# Addition and Subtraction within 20

Understanding addition and subtraction within 20 is a first grade, Common Core math skill: 1.OA.1. Below we show two videos that demonstrate this standard. Then, we provide a breakdown of the specific steps in the videos to help you teach your class.

Prior Learnings

Your students should be familiar with the Kindergarten skill of understanding the number partners that equal 10 and knowing all decompositions (e.g. 5=4+1, 5=2+3) of numbers below 10. This skill builds a foundation for strategy development and understanding of place values and properties of operations (K.OA.3-4). Your students should also understand that ten 1’s plus more 1’s are considered “teens” (K.NBT.1).

Future Learnings

Understanding how to perform addition and subtraction within 20 will enable your students to perform similar skills up to 100, eventually extending those skills to work with larger numbers and solve two-step word problems (2.OA.1). They will also be able to apply this skill with problems in a variety of contexts involving length, picture graphs and bar graphs (2.NBT.5).

Common Core Standard: 1.OA.1 - Use addition and subtraction within 20 to solve word problems involving situations of adding to, taking from, putting together, taking apart, and comparing, with unknowns in all positions.

Students who understand this principle can:

1. Use objects and drawings to illustrate word problems with situations like adding, removing, combining, taking apart, or comparison.
2. Write equations involving adding, removing, combining, taking apart, or comparison situations involving unknown numbers that change positions.
3. Explain how an equation represents one of the above situations.
4. Solve word problems that represent one of the above situations.

Video 1: Adding and Subtracting with Mr. Robot

The video presents four word problems with addition and subtraction problems for your students to follow along with. Mr. Robot helps the teacher in the video clear the board and engages with the students.

The first word problem states that “Sam has 4 hats and Josh has 8 hats. How many hats do they have altogether?”

1. The video shows how many hats each has. Your students can draw their own hats on a piece of paper.
2. The video counts how many hats Sam has, and then it counts how many hats Josh has.
a. “All together” means putting the groups of items together; it's also called adding.
3. The video uses a strategy called “counting on,” which means you will start with one of the groups and count up from its total.
4. Starts from the group of 8 and counts each of Sam’s hats, ending with 12 hats.’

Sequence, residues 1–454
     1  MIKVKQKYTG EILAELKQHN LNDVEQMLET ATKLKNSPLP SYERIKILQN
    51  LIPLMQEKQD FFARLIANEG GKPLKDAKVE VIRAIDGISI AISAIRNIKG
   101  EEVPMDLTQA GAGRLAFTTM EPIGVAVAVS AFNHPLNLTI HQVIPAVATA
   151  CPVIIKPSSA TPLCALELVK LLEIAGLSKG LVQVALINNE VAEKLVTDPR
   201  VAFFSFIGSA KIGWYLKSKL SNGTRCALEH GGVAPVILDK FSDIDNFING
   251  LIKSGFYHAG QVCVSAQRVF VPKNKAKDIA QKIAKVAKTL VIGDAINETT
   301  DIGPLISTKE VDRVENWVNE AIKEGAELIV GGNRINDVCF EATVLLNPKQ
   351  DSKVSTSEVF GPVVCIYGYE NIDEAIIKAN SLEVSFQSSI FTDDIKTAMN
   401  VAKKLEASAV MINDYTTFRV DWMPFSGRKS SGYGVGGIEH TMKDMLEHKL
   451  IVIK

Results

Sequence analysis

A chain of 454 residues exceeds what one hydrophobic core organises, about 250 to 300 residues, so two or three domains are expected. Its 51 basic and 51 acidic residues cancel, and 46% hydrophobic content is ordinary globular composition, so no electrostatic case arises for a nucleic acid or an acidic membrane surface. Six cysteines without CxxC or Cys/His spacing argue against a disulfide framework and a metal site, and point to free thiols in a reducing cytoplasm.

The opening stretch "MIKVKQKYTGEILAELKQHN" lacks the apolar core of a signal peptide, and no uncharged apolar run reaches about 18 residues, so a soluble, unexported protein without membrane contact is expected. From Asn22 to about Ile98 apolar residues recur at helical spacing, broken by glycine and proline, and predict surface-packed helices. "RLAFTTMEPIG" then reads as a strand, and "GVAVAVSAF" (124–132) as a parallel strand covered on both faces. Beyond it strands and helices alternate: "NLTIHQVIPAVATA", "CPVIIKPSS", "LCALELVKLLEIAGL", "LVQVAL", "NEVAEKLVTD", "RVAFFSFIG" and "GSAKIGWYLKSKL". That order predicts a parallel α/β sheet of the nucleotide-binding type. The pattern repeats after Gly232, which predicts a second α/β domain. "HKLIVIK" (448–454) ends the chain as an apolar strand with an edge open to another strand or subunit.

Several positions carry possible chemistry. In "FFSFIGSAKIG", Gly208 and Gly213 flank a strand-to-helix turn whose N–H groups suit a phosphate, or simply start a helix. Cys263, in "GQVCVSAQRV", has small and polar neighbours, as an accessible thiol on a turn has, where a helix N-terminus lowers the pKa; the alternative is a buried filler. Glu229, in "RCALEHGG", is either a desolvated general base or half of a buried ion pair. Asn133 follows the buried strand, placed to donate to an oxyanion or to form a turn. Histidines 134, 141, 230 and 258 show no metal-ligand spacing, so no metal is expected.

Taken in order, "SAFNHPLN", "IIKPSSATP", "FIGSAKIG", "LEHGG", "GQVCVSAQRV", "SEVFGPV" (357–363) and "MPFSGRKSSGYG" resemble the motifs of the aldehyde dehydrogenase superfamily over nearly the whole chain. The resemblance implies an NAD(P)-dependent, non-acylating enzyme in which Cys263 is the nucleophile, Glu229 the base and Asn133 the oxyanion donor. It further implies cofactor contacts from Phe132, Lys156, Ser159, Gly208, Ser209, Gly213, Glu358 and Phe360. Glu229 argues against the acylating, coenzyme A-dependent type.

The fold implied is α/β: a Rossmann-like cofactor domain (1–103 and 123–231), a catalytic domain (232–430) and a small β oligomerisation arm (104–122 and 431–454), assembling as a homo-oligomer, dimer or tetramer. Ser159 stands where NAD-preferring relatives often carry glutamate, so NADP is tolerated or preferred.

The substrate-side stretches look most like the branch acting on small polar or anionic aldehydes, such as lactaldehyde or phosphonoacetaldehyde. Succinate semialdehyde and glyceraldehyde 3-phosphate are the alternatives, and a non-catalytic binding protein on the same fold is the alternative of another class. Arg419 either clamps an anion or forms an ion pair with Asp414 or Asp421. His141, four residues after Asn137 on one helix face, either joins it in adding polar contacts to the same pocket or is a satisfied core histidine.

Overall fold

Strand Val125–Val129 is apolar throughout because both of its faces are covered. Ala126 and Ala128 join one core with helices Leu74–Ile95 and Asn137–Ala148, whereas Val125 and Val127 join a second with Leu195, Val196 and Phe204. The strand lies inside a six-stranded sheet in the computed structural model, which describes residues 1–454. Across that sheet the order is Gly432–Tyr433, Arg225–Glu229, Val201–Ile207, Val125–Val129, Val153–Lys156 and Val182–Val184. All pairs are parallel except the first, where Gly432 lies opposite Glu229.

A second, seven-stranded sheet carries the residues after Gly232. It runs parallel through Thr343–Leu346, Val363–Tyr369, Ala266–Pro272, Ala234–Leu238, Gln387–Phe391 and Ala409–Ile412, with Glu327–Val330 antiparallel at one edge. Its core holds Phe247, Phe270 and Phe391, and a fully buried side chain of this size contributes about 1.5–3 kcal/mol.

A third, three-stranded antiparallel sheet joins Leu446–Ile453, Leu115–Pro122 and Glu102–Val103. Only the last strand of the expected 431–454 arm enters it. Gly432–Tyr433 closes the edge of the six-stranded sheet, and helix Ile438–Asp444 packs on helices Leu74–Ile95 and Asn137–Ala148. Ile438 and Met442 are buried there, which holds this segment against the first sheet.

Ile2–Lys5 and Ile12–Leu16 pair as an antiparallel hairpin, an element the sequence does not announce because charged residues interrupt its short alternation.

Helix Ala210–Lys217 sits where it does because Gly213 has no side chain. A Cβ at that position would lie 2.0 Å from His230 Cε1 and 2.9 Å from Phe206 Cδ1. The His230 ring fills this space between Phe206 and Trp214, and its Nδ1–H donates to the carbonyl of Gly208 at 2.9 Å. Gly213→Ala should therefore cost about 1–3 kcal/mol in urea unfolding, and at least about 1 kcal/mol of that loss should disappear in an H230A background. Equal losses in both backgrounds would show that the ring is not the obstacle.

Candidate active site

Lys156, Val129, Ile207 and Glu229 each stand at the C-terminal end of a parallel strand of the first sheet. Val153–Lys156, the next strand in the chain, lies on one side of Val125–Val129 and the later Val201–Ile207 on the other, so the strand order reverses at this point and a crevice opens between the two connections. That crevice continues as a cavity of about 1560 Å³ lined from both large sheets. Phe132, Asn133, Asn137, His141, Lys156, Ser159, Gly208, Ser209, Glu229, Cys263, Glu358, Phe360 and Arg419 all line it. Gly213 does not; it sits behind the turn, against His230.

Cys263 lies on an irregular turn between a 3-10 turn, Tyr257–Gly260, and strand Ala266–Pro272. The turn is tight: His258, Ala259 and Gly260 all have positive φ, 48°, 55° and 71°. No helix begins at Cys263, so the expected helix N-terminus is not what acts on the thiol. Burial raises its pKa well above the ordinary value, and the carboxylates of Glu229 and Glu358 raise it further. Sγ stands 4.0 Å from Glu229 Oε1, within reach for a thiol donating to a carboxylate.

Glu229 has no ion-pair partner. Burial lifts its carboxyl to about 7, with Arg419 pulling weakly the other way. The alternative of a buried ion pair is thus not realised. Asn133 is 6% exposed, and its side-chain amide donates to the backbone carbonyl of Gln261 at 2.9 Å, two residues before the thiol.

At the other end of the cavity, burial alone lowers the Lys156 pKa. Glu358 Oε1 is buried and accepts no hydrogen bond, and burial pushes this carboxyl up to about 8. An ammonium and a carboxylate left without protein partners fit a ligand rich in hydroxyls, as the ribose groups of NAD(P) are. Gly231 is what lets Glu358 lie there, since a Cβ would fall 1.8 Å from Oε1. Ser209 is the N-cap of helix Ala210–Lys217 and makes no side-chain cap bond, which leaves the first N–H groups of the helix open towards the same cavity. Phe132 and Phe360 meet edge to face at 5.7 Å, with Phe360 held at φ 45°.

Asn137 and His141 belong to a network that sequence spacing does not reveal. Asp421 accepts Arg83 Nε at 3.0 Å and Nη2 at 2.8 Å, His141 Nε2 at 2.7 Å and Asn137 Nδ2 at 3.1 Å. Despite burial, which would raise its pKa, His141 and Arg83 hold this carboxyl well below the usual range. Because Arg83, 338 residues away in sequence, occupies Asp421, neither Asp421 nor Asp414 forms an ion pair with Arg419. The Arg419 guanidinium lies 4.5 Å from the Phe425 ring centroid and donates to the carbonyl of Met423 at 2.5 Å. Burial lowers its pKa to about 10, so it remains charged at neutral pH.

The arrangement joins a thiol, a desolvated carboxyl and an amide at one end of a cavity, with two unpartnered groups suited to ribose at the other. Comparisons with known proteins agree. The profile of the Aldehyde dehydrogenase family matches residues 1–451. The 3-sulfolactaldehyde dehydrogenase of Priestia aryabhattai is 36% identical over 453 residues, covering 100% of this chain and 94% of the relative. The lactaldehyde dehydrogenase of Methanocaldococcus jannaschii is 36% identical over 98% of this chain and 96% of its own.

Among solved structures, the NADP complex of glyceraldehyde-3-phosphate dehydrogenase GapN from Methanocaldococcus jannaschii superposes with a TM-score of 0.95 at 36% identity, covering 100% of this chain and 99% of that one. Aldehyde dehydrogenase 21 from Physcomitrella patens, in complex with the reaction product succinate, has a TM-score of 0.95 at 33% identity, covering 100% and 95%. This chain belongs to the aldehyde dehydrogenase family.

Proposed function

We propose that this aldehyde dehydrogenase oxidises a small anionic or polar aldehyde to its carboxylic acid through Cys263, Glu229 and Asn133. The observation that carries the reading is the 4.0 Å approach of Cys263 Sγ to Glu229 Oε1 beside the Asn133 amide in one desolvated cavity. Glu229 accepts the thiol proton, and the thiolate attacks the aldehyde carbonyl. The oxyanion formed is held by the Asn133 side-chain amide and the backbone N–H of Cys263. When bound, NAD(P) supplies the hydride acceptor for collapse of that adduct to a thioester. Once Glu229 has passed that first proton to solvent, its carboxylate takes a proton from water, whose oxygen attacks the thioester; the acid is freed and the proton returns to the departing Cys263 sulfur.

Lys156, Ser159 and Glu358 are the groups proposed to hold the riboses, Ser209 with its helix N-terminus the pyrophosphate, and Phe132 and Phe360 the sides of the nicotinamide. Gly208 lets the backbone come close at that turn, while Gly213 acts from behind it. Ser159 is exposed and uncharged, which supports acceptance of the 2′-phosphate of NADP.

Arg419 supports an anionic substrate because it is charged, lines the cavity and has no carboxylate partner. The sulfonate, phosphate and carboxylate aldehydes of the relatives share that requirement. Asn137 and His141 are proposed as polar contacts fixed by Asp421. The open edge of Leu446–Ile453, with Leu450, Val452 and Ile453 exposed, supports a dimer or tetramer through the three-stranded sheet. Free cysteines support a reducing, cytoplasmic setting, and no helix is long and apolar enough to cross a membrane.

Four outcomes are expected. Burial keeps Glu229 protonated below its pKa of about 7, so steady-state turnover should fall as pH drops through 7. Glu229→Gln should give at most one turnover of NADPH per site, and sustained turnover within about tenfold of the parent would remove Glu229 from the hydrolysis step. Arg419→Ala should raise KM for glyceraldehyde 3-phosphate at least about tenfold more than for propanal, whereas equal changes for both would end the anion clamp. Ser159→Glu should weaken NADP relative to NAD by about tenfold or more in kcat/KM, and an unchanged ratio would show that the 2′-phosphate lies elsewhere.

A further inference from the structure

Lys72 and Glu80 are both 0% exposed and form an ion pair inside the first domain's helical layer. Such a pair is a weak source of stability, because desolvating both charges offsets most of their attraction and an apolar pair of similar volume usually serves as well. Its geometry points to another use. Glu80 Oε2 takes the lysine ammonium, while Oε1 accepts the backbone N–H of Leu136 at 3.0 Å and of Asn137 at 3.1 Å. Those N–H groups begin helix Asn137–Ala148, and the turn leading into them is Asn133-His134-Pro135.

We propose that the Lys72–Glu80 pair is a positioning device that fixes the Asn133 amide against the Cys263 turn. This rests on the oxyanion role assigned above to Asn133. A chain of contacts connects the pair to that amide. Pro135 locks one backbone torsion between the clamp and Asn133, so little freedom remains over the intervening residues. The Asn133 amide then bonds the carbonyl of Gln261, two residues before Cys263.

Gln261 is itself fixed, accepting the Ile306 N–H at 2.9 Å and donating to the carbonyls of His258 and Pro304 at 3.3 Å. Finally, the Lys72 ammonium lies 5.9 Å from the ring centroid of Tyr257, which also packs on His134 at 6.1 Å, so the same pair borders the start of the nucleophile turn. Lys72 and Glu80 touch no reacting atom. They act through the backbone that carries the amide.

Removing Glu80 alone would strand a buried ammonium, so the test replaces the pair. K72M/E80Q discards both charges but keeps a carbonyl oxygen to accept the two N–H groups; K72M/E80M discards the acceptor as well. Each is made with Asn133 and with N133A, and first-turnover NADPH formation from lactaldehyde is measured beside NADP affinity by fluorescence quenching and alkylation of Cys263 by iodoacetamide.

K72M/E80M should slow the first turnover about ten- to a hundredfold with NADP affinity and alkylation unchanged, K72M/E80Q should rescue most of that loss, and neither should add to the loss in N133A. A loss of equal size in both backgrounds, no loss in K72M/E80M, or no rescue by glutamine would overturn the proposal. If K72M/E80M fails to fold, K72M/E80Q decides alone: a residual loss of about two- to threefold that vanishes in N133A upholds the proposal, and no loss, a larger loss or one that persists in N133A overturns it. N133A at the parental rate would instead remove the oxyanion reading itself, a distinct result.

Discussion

The second word problem states that “Henry has 4 fewer cats than John. John has 9 cats. How many cats does Henry have?”

1. The word “fewer” means having a smaller amount. The word helps your students know they will need to subtract to get the answer.
2. Since Henry has 4 fewer, the video crosses 4 cats off of John’s nine cats.
3. It counts John’s remaining cats and ends up with 5 cats.
4. Henry has 5 cats.

The third word problem states that “Sam has 3 more pumpkins than Jim. Jim has 6 pumpkins. How many pumpkins does Sam have?”

1. The number of pumpkins Jim has is known (6), but the number Sam has is unknown.
2. Since Sam has 3 more, 3 more pumpkins are added.
3. The video counts on from Jim’s 6 pumpkins, ending with 9.
4. Sam has 9 pumpkins.

The fourth word problem states that “Cindy has 7 cakes. Suzy has 9. How many more cakes does Suzy have than Cindy?”

1. In this problem, you will use subtraction to find the answer.
2. The 9 cakes Suzy has are drawn.
3. It then crosses out the 7 cakes Cindy has and counts how many are left.
4. 2 cakes are left.
5. Suzy has two more cakes than Cindy does.

Video 2: Adding and Subtracting Flowers and Balloons

In the video, Boddle starts with 5 yellow flowers. She then gives them to her friend, Peter. As Peter walks in the park, he finds 2 more flowers. Boddle asks your students how many flowers Peter has in total now.

1. Boddle counts how many flowers she gave him, ending with 5.
2. Peter found 2 more flowers.
3. The video counts all the flowers, ending with 7.
4. Peter has 7 flowers in total.

The video gives another addition problem for your students to solve, asking “What is 8 + 4?”

1. The video counts out 8 cars.
2. Then 4 more cars are placed; Boddle asks your students how many cars there are.
3. There are 12 cars in total.

The second part of the video covers subtraction. There are 6 friends playing at the park. Two of them have to go home early. How many of them are left?

1. Of the 6 friends, 2 have to leave. (6 - 2 =?)
2. Two kids leave, and your students can count the remaining friends.
3. There are 4 kids remaining.

The second subtraction problem is 10 - 3.

1. There are 10 balloons.
2. Boddle takes 3 of the balloons away, asking your students how many are left.
3. There are 7 balloons remaining.
4. So, 10 - 3 = 7.

Want more practice?